What do you try to express through your photography?
In my photography I try to capture a specificity of subject and a timelessness in other aspects. I think beauty can be found anywhere and in anyone, and I challenge myself to find it. Though one cannot always succeed the struggle to see with beauty is a great help in living from day to day.
How do you choose your subjects?
My subjects choose me. I am caught and inebriated by light, pattern, shadow, color, skin, eyes, texture, ideas, garbage, and love.
What type of preparation do you do before undertaking the photo session?
For a portrait session I prepare by listening to what the client wants and how they feel and see themselves--I try to hear beneath what is said to the way they long to be seen, to where they feel their real self and their real beauty lies. I like to surround the sitter with colors and textures they love, to work with natural light, and to infuse the time with a real joy. If I see with love, if I see beauty, it is reflected in the work.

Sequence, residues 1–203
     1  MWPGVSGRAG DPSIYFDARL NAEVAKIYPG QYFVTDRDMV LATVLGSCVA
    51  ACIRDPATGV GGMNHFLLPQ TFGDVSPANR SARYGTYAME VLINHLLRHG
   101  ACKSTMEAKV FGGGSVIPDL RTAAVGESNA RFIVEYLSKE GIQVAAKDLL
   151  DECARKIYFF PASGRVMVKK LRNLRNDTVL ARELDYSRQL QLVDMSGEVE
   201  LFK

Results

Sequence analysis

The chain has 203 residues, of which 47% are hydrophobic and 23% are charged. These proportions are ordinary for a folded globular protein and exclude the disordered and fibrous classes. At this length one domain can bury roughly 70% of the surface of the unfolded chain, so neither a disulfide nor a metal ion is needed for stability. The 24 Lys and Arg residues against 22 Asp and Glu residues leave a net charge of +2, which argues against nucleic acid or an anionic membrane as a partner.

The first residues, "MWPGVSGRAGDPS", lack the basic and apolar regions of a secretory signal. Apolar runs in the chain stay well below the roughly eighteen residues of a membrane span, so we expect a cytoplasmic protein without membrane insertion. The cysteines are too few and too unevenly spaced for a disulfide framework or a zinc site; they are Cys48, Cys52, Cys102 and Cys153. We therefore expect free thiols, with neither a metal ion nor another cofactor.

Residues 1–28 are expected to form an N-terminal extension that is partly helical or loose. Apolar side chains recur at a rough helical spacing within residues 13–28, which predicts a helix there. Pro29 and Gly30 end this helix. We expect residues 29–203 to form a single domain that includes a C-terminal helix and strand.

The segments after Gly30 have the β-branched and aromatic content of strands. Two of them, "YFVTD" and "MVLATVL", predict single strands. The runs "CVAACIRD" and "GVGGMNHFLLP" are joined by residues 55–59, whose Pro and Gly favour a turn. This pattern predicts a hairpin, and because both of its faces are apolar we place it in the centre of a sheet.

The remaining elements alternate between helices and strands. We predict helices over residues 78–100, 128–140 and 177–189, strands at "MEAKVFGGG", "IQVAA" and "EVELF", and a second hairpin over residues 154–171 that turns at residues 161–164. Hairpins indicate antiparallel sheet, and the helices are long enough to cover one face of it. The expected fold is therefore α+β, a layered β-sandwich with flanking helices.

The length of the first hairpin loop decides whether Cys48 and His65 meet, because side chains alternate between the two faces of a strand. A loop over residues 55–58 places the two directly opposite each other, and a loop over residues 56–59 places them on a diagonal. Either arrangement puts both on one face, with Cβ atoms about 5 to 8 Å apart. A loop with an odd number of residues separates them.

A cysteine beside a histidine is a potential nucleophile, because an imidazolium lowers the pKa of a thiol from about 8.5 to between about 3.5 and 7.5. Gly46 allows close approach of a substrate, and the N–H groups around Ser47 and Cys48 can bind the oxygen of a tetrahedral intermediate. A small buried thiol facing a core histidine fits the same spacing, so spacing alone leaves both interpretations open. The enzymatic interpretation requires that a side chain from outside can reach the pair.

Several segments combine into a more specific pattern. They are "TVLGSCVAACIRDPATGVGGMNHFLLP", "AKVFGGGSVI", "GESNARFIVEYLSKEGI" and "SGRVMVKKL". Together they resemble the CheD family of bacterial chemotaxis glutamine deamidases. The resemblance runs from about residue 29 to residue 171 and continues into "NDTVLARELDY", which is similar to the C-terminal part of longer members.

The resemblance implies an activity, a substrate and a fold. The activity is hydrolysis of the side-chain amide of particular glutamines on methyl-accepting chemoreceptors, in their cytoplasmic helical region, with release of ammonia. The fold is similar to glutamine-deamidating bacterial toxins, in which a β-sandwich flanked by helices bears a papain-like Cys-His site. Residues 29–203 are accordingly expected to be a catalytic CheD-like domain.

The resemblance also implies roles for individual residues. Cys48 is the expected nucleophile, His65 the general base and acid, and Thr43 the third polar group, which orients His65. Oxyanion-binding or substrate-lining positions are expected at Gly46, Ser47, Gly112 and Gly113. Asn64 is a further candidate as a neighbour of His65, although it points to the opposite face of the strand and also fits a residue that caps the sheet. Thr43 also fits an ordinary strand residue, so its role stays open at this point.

Do you normally photograph with a purpose already in mind, or do you let yourself go with the flow?
For paid portrait sessions I try to both be prepared and yet ready to go with the flow and to feel the flow when it happens. For my "own" photography I am caught in moments of time and place and overcome an the ecstasy of the senses, pretty much lost to everything else while taking photos.